Even from a reincarnation perspective, such a process must be progressive and evolutionary, not degenerative, so whoever has given themselves over to evil and darkness are going to have a hard time in finding a way out.



posted on Aug, 9 2013 @ 02:36 PM
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reply to post by FlyersFan
 


That is pretty much how I understand it.
Depending on where a person is at in their understanding of their life and role they played effecting others, that period of reflection could be very fast, or very slow.
Kind of like reincarnation, which I believe is also somehow attached to it all, the time it takes to reincarnate seems to vary so a part of that time if not all (?) is spent reflecting.

It has been many years since my last incarnation, which was sometime in the late 1800's/early 1900's, so I spent at least 70 years between lifetimes. I wonder how much of that was reflecting. I have always wondered what happens in between. I guess I already know the answer....lol

*shrug*



posted on Aug, 9 2013 @ 02:53 PM
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Originally posted by Darkblade71


It has been many years since my last incarnation, which was sometime in the late 1800's/early 1900's, so I spent at least 70 years between lifetimes. I wonder how much of that was reflecting. I have always wondered what happens in between. I guess I already know the answer....lol

*shrug*



But that would depend on time being linear in the spiritual realm.

I love this subject because its so very much speculation and philosophy.

Im interested in how you have this knowledge of past lives, and why you have no knowledge of the inbetween?



posted on Aug, 9 2013 @ 02:57 PM
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reply to post by OneManArmy
 


During meditation I had asked the universe if reincarnation was a real valid experience and that night after I went to bed I relived the last few hours of my last lifetime.

I was a native American working for the US military raising dog/wolf hybrids in some sort of experiment.
I found just the other day that the Russians also did this but not until the 1950's.

Didn't find anything on US/native experiments though.

From my understanding time in the spirit realm does not exist like it does here, however, it must to some extent.
I figure time is circular, and not linear, but appears linear to us because we live such short lifetimes.
My personal thought is that time runs in a circle.
But that is just a crazy thought.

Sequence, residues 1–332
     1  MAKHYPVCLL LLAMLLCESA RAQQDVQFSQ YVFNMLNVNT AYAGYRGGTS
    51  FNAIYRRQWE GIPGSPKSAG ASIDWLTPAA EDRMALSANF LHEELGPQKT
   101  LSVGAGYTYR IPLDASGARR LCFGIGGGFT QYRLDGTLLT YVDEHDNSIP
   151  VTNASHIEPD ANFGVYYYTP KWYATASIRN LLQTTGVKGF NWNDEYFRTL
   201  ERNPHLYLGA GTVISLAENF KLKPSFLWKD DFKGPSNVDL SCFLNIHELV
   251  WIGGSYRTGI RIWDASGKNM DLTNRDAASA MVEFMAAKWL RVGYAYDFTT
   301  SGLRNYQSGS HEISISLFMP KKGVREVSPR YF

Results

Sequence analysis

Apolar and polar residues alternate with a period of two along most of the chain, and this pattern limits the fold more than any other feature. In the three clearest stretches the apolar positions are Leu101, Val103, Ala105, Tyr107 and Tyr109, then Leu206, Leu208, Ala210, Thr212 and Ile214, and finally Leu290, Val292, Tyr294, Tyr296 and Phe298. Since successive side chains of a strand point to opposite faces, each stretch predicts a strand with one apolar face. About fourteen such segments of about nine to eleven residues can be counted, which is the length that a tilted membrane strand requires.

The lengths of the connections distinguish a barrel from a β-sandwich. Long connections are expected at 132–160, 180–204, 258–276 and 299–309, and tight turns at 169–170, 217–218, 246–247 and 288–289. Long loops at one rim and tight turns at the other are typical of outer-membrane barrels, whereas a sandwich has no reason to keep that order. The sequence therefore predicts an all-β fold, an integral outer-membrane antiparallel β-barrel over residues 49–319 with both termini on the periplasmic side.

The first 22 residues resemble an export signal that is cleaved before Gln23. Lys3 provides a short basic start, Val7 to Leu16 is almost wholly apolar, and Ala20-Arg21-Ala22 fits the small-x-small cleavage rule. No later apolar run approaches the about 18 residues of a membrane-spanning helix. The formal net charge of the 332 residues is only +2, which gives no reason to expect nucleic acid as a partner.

edit on 9-8-2013 by Darkblade71 because: (no reason given)



posted on Aug, 9 2013 @ 02:59 PM
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reply to post by OneManArmy
 



As attitudes have changed, so has the churches stance to remain relevant. Even to the point that the pope said just the other day that "who is he to judge gays" The church changes with the times, it might be a bit slow(arrogance of the leadership does that), but it does change.

Except that the church does not change its doctrine and core message. They may have a different way of saying it today than in 1960 or 1500, but it's still the same thing. Why did the Pope say "who is he to judge gays?" Because the church has always taught that it is the act of sexual immorality that is the sin, not the fact that one is gay. We don't burn witches anymore, thankfully, but not because the church has decided that witchcraft is okay.

Now, you may have a point about other offshoots from the Roman Catholic church -- on the next episode of the Loudmouth show (Sunday night at 7:30 Eastern on ATS Radio, lol) I have a go at the American Episcopal church which, while trying to "stay with the times", has actually begun to jettison orthodox Christian doctrine, such as the resurrection and Christ's divinity -- they are losing mass amounts of members as a result, but they're still doing it, in an effort to become a "modern church."

But the Roman Catholic church, which points to Apostolic succession as evidence that it is "the" church that Christ founded at Pentecost (something I personally take issue with, but...), does not create new doctrine, it just clarifies what it already has, so it is unlikely to fall into the trap that the Episcopalians have, and it's why many former Episcopalians are now Catholic.